The nation's economy grew at a healthy 3.9% yearly rate in the third quarter, more than earlier guessed and probably delaying added interest rate cuts by the Federal Reserve, economists say.
"It would be very surprising if they did anything in December. It's difficult to imagine what might trigger it," said Ian Shepherdson of High Frequency Economics, Valhalla, N.Y.
Indeed, he doubts the Fed will cut rates again anytime soon and probably had a vigorous debate last Tuesday before unveiling the third cut in less the two months.
The July-September GDP growth rate was earlier estimated by the Commerce Department at 3.3%. Mr. Shepherdson now thinks growth for the year will be around 4%, slowing to 2.5% next year.
"I imagine the Fed opted for the latest move because they felt it was fairly cheap insurance, but I'm not convinced it was," he said. "They've pushed the stock market to levels that are pretty dangerous."
The stock market's blue-chip indicator, the Dow Jones industrial average, this week registered a new record high for the first time since last July.
"It's interesting to wonder if the Fed would have eased again had they met on Tuesday of this week instead of Tuesday last week," said Nicholas S. Perna, chief economist at Fleet Financial Group.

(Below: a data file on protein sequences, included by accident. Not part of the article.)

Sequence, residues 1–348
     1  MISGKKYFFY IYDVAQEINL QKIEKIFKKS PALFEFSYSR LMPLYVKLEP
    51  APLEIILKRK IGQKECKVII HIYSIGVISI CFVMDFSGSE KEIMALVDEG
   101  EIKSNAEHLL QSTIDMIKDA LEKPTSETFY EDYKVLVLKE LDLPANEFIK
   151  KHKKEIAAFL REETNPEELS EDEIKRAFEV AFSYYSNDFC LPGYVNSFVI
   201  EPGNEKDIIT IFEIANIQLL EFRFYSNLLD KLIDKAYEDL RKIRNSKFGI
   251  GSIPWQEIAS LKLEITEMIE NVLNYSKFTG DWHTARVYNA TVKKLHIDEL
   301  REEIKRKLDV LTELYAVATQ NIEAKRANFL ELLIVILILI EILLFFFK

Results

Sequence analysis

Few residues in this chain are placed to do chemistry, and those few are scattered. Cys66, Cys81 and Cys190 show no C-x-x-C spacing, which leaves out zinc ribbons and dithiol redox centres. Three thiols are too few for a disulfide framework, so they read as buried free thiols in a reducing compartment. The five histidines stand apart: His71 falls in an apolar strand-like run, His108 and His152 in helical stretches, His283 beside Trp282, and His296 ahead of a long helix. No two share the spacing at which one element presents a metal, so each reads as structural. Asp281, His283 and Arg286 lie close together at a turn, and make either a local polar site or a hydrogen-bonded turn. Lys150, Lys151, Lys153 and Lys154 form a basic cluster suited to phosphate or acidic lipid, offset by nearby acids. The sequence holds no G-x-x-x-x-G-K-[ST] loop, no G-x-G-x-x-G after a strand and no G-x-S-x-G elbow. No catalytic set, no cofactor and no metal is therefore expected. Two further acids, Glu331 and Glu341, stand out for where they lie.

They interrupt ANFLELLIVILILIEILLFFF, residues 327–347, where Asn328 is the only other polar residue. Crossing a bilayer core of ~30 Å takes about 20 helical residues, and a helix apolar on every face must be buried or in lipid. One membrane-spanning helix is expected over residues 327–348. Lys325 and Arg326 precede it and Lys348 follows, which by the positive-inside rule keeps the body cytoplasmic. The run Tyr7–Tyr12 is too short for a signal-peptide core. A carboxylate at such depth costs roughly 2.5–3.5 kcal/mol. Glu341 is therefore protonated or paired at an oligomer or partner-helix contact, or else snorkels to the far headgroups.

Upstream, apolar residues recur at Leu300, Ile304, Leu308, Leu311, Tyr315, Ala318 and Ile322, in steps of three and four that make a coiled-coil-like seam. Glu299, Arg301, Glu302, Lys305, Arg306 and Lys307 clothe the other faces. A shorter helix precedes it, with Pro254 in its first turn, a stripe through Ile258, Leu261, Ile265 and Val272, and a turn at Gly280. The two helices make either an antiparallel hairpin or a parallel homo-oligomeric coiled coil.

"Just looking at the GDP data, this is a real case where the Fed has eased ahead of a slowdown," he said. That is not the central bank's typical style.
The business slowdown clearly looms ahead, he noted. "But the Fed has already reacted to it and won't do more on rates unless things turn worse than anticipated," he said-meaning a GDP growth rate of less than 2%.
Softness ahead in business conditions seems a strong bet because of at least three key economic imbalances, he said, none like the inflationary imbalances of previous postwar business cycles.
First is the nation's growing trade deficit. "It is stabilizing with Asia, but I guarantee we will soon be worrying about Latin America," Mr. Perna said.
Second is the consumer imbalance-spending is running at twice the level of income growth. "If all consumers do is cut spending to match income growth the economy will slow," he said. "If they actually decide to save, we could go from slowdown to recession."
Finally, he said, "there is the widening gap between corporate cash flows and corporate investment spending, brought to you by the profit squeeze." Cash flows are flat and business plant and equipment spending is accordingly being pulled in.